This wasn't what we saw coming.
After a phenomenal breakout year in 2014, J.T. Barrett was supposed to be the next great Buckeye star, destined to lead Ohio State to consecutive championships before departing early with a high NFL draft grade. But ever since he emerged from relative anonymity in that initial campaign, Barrett seems to have regressed under the weight of expectations.
While Cardale Jones battled him for the starting job he eventually won in 2015, Barrett was supposed to take 'the leap' last fall, his fourth in Columbus. Yet despite leading the OSU offense to one of the best statistical seasons in school history, the junior QB and his unit failed to consistently move the ball against top-tier competition.
Now entering his fifth and final season of eligibility in an OSU uniform, Barrett is working with the third offensive coordinator and position coach of his career. In place of Ed Warinner and Tim Beck stepped former Indiana head coach Kevin Wilson to run the offense and former San Francisco 49ers QB coach Ryan Day to coach the fifth-year senior, and both are tasked with getting the most of out of the Buckeyes' captain.
While much of the public focus has been on Barrett's ability to connect with receivers downfield, that's not the only place Wilson and Day have looked to easily manufacture yards for the QB. Though the Buckeyes must improve their intermediate and downfield passing on third down, another way to solve that problem is to avoid those situations entirely.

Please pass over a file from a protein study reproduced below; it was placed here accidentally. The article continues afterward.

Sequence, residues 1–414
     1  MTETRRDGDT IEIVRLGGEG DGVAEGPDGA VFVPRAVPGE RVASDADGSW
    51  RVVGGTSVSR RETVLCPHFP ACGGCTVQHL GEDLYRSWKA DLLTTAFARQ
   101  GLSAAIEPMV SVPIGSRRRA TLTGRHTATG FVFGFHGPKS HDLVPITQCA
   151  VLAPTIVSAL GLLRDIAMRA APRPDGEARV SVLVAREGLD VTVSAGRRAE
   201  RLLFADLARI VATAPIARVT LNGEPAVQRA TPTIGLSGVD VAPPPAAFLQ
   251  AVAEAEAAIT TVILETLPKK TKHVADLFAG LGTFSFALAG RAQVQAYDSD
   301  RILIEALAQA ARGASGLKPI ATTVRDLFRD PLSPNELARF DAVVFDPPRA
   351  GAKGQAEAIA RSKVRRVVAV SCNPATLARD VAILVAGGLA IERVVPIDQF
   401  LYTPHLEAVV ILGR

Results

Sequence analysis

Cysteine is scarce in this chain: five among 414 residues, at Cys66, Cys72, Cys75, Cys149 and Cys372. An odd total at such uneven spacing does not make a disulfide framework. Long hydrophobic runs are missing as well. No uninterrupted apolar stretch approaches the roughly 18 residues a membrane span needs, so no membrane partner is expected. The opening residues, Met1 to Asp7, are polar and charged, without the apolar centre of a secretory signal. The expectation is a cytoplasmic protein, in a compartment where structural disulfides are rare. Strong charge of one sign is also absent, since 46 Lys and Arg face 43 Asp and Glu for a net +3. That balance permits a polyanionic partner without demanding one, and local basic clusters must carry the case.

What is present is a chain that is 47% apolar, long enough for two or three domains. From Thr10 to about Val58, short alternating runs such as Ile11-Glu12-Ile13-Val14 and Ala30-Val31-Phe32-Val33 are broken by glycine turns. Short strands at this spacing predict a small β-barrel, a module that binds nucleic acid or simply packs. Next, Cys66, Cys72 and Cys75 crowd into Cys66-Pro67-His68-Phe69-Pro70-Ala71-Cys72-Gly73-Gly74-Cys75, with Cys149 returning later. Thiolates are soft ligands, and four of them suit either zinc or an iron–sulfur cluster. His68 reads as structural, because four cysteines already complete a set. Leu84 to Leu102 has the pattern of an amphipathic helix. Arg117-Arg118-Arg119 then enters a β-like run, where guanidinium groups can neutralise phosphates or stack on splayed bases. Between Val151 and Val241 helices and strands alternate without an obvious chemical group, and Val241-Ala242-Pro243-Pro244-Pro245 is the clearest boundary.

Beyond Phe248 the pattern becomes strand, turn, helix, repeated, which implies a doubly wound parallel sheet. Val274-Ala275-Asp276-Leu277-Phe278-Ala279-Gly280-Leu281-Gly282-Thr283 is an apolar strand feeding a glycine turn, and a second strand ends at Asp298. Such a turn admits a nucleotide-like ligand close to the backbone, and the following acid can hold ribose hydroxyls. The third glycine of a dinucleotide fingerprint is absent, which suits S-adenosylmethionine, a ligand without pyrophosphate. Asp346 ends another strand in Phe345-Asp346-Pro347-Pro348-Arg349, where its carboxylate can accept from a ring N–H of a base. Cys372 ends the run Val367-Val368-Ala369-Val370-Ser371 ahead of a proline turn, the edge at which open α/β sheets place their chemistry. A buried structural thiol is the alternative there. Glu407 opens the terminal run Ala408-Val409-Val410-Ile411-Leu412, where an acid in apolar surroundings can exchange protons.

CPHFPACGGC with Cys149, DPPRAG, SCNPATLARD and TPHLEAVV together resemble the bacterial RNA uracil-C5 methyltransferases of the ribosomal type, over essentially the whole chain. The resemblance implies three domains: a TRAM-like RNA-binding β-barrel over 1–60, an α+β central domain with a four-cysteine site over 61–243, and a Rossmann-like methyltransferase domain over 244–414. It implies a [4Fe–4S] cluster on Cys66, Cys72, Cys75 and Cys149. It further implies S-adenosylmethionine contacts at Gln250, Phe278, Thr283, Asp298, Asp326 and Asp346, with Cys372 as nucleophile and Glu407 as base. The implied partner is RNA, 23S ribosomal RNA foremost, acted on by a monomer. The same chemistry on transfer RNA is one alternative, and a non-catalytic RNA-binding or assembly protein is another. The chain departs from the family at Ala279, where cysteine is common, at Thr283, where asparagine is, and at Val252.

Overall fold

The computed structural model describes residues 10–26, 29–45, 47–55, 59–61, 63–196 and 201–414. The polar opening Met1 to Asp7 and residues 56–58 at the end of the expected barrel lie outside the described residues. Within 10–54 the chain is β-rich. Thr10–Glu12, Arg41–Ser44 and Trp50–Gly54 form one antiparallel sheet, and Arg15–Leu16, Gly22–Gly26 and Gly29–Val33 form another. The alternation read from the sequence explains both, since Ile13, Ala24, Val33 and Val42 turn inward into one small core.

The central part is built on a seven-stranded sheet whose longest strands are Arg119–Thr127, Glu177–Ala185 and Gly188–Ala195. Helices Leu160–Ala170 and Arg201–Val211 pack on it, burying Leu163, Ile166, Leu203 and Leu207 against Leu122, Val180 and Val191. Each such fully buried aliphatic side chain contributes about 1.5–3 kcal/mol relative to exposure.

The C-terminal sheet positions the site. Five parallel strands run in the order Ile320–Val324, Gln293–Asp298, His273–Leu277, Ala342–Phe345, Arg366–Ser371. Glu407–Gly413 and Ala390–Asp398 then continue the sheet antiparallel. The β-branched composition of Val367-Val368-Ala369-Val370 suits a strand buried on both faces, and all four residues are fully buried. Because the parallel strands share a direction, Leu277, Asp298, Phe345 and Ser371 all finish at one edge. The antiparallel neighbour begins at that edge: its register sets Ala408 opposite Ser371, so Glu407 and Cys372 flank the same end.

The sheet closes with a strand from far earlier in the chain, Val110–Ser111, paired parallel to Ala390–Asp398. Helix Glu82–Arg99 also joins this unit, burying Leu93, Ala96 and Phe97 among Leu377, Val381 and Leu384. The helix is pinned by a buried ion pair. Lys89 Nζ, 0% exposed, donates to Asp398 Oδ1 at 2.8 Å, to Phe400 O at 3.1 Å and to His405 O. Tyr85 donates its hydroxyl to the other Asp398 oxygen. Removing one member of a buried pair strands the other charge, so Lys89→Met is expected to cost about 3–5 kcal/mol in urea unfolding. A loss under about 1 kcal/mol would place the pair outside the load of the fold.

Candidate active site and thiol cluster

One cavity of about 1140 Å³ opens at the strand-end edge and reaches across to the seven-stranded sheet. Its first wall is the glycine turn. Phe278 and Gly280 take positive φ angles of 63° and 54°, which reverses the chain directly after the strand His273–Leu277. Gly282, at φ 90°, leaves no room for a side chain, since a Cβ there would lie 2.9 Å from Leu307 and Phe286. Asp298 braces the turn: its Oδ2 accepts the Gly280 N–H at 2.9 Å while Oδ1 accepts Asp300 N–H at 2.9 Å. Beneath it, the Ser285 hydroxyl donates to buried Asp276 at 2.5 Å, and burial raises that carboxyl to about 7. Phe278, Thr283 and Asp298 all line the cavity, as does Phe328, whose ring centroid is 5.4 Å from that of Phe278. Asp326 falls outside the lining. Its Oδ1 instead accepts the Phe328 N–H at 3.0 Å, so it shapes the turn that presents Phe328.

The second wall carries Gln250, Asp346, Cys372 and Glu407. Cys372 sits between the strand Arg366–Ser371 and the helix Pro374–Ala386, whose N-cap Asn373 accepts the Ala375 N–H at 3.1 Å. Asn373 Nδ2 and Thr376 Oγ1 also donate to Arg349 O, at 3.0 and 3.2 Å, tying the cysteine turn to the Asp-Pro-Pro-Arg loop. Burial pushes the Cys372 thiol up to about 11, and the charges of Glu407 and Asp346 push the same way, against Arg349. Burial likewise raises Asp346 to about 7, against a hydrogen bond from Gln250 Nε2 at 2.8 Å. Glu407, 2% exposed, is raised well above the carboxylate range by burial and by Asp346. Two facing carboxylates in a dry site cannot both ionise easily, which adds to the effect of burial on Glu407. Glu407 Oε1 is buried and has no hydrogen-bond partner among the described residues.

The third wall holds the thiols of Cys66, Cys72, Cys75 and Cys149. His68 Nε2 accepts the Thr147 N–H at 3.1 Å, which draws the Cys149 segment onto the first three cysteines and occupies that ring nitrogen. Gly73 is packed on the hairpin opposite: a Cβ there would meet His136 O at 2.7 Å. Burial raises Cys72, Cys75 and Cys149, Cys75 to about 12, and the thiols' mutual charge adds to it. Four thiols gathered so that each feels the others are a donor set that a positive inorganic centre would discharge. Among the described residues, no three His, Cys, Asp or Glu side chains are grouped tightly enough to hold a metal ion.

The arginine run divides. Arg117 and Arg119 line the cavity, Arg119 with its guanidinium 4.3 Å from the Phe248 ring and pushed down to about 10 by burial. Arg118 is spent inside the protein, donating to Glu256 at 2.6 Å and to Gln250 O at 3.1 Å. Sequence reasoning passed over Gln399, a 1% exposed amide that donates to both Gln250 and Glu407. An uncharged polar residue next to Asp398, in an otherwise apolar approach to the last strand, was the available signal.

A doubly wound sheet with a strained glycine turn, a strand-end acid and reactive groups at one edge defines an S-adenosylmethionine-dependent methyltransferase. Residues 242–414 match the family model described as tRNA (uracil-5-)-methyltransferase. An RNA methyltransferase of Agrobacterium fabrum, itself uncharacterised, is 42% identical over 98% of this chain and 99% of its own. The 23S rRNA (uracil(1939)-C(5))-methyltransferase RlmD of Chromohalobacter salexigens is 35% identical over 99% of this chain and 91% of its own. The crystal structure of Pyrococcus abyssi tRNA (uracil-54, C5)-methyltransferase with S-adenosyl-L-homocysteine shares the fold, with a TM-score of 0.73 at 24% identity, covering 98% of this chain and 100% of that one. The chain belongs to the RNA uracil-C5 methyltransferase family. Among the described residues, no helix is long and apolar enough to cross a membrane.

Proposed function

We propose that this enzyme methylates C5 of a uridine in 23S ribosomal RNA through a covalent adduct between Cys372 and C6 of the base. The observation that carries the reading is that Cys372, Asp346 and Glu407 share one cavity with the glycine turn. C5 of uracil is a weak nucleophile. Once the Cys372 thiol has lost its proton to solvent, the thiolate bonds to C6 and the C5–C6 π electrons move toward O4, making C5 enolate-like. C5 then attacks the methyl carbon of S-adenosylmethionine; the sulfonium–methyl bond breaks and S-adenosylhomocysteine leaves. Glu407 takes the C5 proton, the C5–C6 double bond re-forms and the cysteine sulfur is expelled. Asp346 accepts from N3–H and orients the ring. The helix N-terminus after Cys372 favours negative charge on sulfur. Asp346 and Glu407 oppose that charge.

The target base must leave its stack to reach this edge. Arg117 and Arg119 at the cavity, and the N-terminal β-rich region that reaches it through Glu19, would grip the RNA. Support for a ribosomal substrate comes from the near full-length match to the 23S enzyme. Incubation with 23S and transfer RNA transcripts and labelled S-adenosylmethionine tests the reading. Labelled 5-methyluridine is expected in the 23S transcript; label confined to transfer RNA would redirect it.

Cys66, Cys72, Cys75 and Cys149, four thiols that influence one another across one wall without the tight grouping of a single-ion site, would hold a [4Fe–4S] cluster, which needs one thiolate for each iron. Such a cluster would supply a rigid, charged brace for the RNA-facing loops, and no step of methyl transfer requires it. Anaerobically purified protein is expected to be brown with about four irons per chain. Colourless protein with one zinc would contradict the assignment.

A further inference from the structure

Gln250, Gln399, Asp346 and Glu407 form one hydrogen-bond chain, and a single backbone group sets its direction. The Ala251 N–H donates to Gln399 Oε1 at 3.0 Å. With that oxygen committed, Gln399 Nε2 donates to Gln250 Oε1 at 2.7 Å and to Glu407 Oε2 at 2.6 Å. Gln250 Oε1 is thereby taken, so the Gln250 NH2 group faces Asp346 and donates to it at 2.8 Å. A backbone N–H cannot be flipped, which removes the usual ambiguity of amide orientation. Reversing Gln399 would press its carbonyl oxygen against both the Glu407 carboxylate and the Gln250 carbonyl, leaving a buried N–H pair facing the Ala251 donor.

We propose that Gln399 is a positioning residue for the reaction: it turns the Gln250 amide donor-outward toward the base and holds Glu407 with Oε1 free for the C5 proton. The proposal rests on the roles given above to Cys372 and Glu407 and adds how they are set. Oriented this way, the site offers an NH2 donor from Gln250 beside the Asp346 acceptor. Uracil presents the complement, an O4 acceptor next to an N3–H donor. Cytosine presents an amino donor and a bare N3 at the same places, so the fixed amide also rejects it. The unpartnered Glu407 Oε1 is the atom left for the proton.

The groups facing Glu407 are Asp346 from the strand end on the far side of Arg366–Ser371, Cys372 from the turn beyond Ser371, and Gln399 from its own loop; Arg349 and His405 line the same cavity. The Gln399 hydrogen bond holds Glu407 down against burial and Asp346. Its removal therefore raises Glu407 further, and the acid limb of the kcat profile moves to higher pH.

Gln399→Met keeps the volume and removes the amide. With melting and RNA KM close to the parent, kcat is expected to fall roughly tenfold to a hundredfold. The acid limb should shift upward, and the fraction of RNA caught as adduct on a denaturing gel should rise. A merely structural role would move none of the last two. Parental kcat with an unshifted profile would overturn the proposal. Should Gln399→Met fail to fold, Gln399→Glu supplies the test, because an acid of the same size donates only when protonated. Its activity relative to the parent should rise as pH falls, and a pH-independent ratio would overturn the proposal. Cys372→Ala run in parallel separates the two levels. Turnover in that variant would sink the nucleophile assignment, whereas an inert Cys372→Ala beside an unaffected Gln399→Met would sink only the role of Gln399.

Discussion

As long as Urban Meyer is in charge, the Ohio State offense will include a foundation of running the ball between the tackles - that's not up for debate. However, opponents in the Big Ten and nationally are also aware of this fact and will continue to cook up new defensive schemes to stop the Buckeye ground game every week. But instead of simply relying on the physicality of a veteran offensive line or the talents of future NFL running backs to pick up yards, Wilson and Day have added a few wrinkles to keep defenses back on their heels.
Though we've discussed the concept of Run-Pass Options here many times over the past few years, Wilson and Day have implemented an evolved philosophy on the subject. Instead of treating the addition of one pass route to a run play as a true RPO, those are simply 'reliefs' that can be added to any run concept as a 'tag' to the play-call, such as screens, hitches, outs, and slants.